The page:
January 8th.—All night I remained by the side of the poor fellow’s corpse, and several times Miss Herbey joined me in my mournful watch.
Before daylight dawned the body was quite cold, and as I knew there must be no delay in throwing it overboard, I asked Curtis to assist me in the sad office. The body was frightfully emaciated, and I had every hope that it would not float.
As soon as it was quite light, taking every precaution that no one should see what we were about, Curtis and I proceeded to our melancholy task. We took a few articles from the lieutenant’s pockets, which we purposed, if either of us should survive, to remit to his mother. But as we wrapped him in his tattered garments that would have to suffice for his winding-sheet, I started back with a thrill of horror. The right foot had gone, leaving the leg a bleeding stump!
No doubt that, overcome by fatigue, I must have fallen asleep for an interval during the night, and some one had taken advantage of my slumber to mutilate the corpse. But who could have been guilty of so fowl a deed! Curtis looked around with anger flashing In his eye; but all seemed as usual, and the silence was only broken by a few groans of agony.
But there was no time to be lost; perhaps we were already observed, and more horrible scenes might be likely to occur. Curtis said a few short prayers, and we cast the body into the sea. It sank immediately.
“They are feeding the sharks well, and no mistake,” said a voice behind me.
I turned round quickly, and found that it was Jynxtrop who had spoken.
As the boatswain now approached, I asked him whether he thought it possible that any of the wretched men could have taken the dead man’s foot.
“Oh yes, I dare say,” he replied, in a significant tone “and perhaps they thought they were right.”
“Right! what do you mean?” I exclaimed.
“Well, sir,” he said coldly, “isn’t it better to eat a dead man than a living one?”
I was at a loss to comprehend him, and, turning away, laid myself down at the end of the raft.
Towards eleven o’clock, a most suspicious incident occurred. The boatswain, who had cast his lines early in the morning, caught three large cod, each more than thirty inches long, of the species which, when dried, is known by the name of stock-fish. Scarcely had he hauled them on board, when the sailors made a dash at them, and it was with the utmost difficulty that Curtis, Falsten, and myself could restore order, so that we might divide the fish into equal portions. Three cod were not much amongst fourteen starving persons, but, small as the quantity was, it was allotted in strictly equal shares. Most of us devoured the food raw, almost I might say, alive; only Curtis, Andre and Miss Herbey having the patience to wait until their allowance had been boiled at a fire which they made with a few scraps of wood. For myself, I confess that I swallowed my portion of fish just as it was,—raw and bleeding. M. Letourneur followed my example; the poor man devoured his food like a famished wolf, and it is only a wonder to me how, after his lengthened fast, he came to be alive at all.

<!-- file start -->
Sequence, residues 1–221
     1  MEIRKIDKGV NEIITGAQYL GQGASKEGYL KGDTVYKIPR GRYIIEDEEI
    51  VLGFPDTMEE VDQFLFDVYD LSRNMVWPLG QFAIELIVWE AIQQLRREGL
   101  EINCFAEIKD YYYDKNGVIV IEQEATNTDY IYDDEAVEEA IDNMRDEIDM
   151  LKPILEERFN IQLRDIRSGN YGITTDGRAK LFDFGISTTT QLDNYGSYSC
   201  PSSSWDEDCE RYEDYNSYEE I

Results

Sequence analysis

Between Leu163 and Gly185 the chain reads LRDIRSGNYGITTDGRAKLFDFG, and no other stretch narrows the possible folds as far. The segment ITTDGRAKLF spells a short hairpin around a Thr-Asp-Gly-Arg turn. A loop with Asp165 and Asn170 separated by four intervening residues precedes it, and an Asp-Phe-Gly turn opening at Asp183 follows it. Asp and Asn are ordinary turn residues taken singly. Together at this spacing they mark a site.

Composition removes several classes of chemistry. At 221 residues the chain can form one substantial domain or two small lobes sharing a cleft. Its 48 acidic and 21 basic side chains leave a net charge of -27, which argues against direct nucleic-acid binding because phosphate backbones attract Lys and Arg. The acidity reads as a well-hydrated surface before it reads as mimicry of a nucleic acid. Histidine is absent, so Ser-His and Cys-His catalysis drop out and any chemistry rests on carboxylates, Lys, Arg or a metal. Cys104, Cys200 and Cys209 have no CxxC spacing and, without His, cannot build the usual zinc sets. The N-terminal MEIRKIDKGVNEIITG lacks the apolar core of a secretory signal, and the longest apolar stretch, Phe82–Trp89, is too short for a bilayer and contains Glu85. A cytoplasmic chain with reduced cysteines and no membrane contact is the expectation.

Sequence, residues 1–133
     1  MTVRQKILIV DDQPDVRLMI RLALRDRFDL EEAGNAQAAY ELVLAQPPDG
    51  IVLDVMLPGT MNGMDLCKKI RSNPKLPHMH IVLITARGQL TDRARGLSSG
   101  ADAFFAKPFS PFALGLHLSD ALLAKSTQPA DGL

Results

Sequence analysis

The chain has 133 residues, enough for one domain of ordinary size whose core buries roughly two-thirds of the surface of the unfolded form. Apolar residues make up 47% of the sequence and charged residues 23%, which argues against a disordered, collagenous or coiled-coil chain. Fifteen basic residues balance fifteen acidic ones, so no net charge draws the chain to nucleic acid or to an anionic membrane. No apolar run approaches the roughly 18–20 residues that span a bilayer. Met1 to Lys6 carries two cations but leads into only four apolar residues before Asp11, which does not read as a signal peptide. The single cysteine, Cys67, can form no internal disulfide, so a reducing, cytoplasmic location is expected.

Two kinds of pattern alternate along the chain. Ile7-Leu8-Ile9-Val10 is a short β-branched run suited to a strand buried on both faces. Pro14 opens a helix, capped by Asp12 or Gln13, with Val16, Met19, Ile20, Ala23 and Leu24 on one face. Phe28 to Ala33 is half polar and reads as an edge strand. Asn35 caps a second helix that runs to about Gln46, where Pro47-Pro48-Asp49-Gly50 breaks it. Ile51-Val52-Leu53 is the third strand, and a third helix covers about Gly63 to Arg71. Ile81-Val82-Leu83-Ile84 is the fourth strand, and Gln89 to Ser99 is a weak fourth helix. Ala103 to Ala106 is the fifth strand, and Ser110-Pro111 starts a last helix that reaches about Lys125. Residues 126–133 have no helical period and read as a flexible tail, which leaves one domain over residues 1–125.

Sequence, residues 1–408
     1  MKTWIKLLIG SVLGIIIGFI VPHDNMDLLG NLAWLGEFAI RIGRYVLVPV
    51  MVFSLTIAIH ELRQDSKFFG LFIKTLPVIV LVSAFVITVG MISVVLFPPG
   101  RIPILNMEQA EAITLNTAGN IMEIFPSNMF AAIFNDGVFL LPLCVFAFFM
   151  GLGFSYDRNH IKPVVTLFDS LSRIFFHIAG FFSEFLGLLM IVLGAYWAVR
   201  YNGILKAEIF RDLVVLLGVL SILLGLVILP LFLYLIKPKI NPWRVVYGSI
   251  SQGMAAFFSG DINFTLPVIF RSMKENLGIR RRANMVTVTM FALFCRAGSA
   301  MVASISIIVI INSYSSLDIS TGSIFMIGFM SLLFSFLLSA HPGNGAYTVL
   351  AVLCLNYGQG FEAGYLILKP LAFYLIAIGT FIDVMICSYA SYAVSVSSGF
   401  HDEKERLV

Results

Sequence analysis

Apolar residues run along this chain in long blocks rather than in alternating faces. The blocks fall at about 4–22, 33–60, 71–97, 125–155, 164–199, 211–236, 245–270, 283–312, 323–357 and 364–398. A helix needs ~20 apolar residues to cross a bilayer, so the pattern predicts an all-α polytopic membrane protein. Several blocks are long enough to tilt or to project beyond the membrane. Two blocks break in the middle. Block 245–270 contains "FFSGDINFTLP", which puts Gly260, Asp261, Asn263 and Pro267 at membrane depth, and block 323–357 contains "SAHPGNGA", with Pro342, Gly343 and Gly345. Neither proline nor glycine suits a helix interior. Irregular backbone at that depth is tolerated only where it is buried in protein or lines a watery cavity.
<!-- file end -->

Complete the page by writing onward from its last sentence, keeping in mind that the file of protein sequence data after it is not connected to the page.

The boatswain’s delight at his success was, excessive, and amounted almost to delirium. I went up to him, and encouraged him to repeat his attempt.
“Oh, yes,” he said; “I’ll try again. I’ll try again.”
“And why not try at once,” I asked.
“Not now,” he said evasively; “the night is the best time for catching large fish. Besides, I must manage to get some bait, for we have been improvident enough not to save a single scrap.”
“But you have succeeded once without bait; why may you not succeed again?”
“Oh! I had some very good bait last night,” he said. I stared at him in amazement. He steadily returned my gaze, but said nothing.
“Have you none left?” at last I asked.
“Yes!” he almost whispered and left me without another word.
Our meal, meagre as it had been, served to rally our shattered energies; our hopes were slightly raised; there was no reason why the boatswain should not have the same good luck again.
One evidence of the degree to which our spirits were revived was that our minds were no longer fixed upon the miserable present and hopeless future, but we began to recall and discuss the past; and M. Letourneur, Andre Mr. Falsten, and I held a long conversation with the captain about the various incidents of our eventful voyage, speaking of our lost companions, of the fire, of the stranding of the ship, of our sojourn on Ham Rock, of the springing of the leak, of our terrible voyage in the top-masts, of the construction of the raft, and of the storm. All these things seemed to have happened so long ago, and yet we were living still. Living, did I say? Ay, if such an existence as ours could be called a life, fourteen of us were living still. Who would be the next to go? We should then be thirteen.
“An unlucky number!” said Andre with a mournful smile.
During the night the boatswain cast his lines from the stern of the raft, and, unwilling to trust them to any one else, remained watching them himself. In the morning I went to ascertain what success had attended his patience. It was scarcely light, and with eager eyes he was peering down into the water. He had neither seen nor heard me coming.
“Well, boatswain!” I said, touching him on the shoulder.
He turned round quickly.
“Those villainous sharks have eaten every morsel of my bait,” he said, in a desponding voice.
“And you have no more left?” I asked.
“No more,” he said. Then grasping my arm he added, “and that only shows me that it is no good doing things by halves.”
The truth flashed upon me at once, and I laid my hand upon his mouth. Poor Walter!